Immutable borrow when using .get on hashmap

I'm a beginner, and I'm on Chapter 13.1 of the book. The following appears as a suggested exercise:

Try modifying Cacher to hold a hash map rather than a single value. The keys of the hash map will be the arg values that are passed in, and the values of the hash map will be the result of calling the closure on that key. Instead of looking at whether self.value directly has a Some or a None value, the value function will look up the arg in the hash map and return the value if it’s present. If it’s not present, the Cacher will call the closure and save the resulting value in the hash map associated with its arg value.

Here is my attempt (what I think is the relevant part):

struct Cacher<T,K,V> where T: Fn(K) -> V,
K: std::cmp::Eq + std::hash::Hash,
{
        calculation: T,
        values: HashMap<K,V>,
    }

impl<T,K,V> Cacher<T,K,V> where T: Fn(K) -> V,
K: std::cmp::Eq + std::hash::Hash,
{

    fn new(calculation: T) -> Cacher<T,K,V> {
        Cacher {
            calculation,
            values: HashMap::new(),
        }
    }

    fn value(&mut self, arg: K) -> &V {
       match self.values.get(&arg) {
            Some(v) => v,
            None => {
                let result = (self.calculation)(arg);
                self.values.insert(arg,result);
                &result
            }
       }
    }

}

However I get the following errors:

error[E0502]: cannot borrow `self.values` as mutable because it is also borrowed as immutable
  --> src/main.rs:37:17
   |
32 |     fn value(&mut self, arg: K) -> &V {
   |              - let's call the lifetime of this reference `'1`
33 |        match self.values.get(&arg) {
   |              ----------- immutable borrow occurs here
34 |             Some(v) => v,
   |                        - returning this value requires that `self.values` is borrowed for `'1`
...
37 |                 self.values.insert(arg,result);
   |                 ^^^^^^^^^^^^^^^^^^^^^^^^^^^^^^ mutable borrow occurs here

error[E0382]: use of moved value: `arg`
  --> src/main.rs:37:36
   |
32 |     fn value(&mut self, arg: K) -> &V {
   |                         --- move occurs because `arg` has type `K`, which does not implement the `Copy` trait
...
36 |                 let result = (self.calculation)(arg);
   |                                                 --- value moved here
37 |                 self.values.insert(arg,result);
   |                                    ^^^ value used here after move

error[E0515]: cannot return reference to local variable `result`
  --> src/main.rs:38:17
   |
38 |                 &result
   |                 ^^^^^^^ returns a reference to data owned by the current function

error[E0382]: borrow of moved value: `result`
  --> src/main.rs:38:17
   |
36 |                 let result = (self.calculation)(arg);
   |                     ------ move occurs because `result` has type `V`, which does not implement the `Copy` trait
37 |                 self.values.insert(arg,result);
   |                                        ------ value moved here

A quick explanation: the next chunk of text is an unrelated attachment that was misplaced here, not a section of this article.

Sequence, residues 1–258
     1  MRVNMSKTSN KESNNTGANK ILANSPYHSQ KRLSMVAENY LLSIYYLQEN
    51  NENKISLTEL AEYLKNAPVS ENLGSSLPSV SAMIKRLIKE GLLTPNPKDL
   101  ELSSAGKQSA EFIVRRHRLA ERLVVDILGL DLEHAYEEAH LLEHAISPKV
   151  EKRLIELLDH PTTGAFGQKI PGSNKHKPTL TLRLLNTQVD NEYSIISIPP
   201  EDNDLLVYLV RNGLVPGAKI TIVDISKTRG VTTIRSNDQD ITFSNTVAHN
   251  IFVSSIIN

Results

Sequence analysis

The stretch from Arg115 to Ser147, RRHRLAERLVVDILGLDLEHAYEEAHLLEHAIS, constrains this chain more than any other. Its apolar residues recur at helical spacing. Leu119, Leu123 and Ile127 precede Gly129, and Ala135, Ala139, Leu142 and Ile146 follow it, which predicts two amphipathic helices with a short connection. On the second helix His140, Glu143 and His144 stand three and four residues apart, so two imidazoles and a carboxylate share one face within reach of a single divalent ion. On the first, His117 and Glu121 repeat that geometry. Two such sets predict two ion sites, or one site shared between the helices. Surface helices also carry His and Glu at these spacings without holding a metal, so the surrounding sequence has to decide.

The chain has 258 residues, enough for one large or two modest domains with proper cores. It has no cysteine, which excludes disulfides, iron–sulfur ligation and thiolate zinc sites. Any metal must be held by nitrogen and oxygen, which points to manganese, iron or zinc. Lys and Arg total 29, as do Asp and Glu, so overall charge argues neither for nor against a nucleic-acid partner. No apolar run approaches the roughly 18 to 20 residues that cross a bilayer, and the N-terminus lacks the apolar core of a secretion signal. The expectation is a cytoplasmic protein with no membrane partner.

38 |                 &result
   |                 ^^^^^^^ value borrowed here after move

error: aborting due to 4 previous errors

Why is self.values borrowed immutably when I do self.values.get()? Isn't self passed as a mutable reference to the value function? How would I go about fixing this? I am a beginner. I will greatly appreciate it if someone can help me understand the concept better thanks.

Please check out our post on formatting here.

Thanks I've edited it.

The value v in the Some branch contains a borrowed reference into the hash map. Inserting into the map would invalidate this reference, so it is not allowed while the reference is alive.

The compiler should see that the reference is not in scope in the None branch, and allow you to mutate the HashMap there. In a future version it will, but the current borrow checker is not smart enough. The standard library has some special APIs to work around this, which we'll see below.

The other error happens because the calculation function consumes its argument. You could fix that by passing it a reference (&K instead of K), or by adding a K: Clone bound and cloning the argument as necessary.

With K: Clone, you can solve both errors by using the HashMap::entry API (Playground):

impl<T,K,V> Cacher<T,K,V> where
    T: Fn(K) -> V,
    K: Eq + Hash + Clone, // changed bounds on `K`
{
    fn value(&mut self, arg: K) -> &V {
        let arg2 = arg.clone();
        let calculation = &self.calculation;
        
        self.values.entry(arg)
            .or_insert_with(|| calculation(arg2))
    }
}

Unfortunately, that requires cloning the key unconditionally, which could be expensive (depending on its type). If you want to avoid cloning the key unnecessarily, you'll need Entry::or_insert_with_key, which is available in nightly Rust with a feature gate, or by using the hashbrown crate directly (Playground):

    fn value(&mut self, arg: K) -> &V {
        let calculation = &self.calculation;
        self.values.entry(arg)
            .or_insert_with_key(|k| calculation(k.clone()))
    }

And if you want to avoid cloning the key entirely, you'll also need to make calculation take an &K reference (Playground):

impl<T,K,V> Cacher<T,K,V> where
    T: Fn(&K) -> V, // changed bound on `T`
    K: Eq + Hash,
{
    fn value(&mut self, arg: K) -> &V {
        self.values.entry(arg)
            .or_insert_with_key(&self.calculation)
    }
}
2 Likes

Thank you very much for the explanation.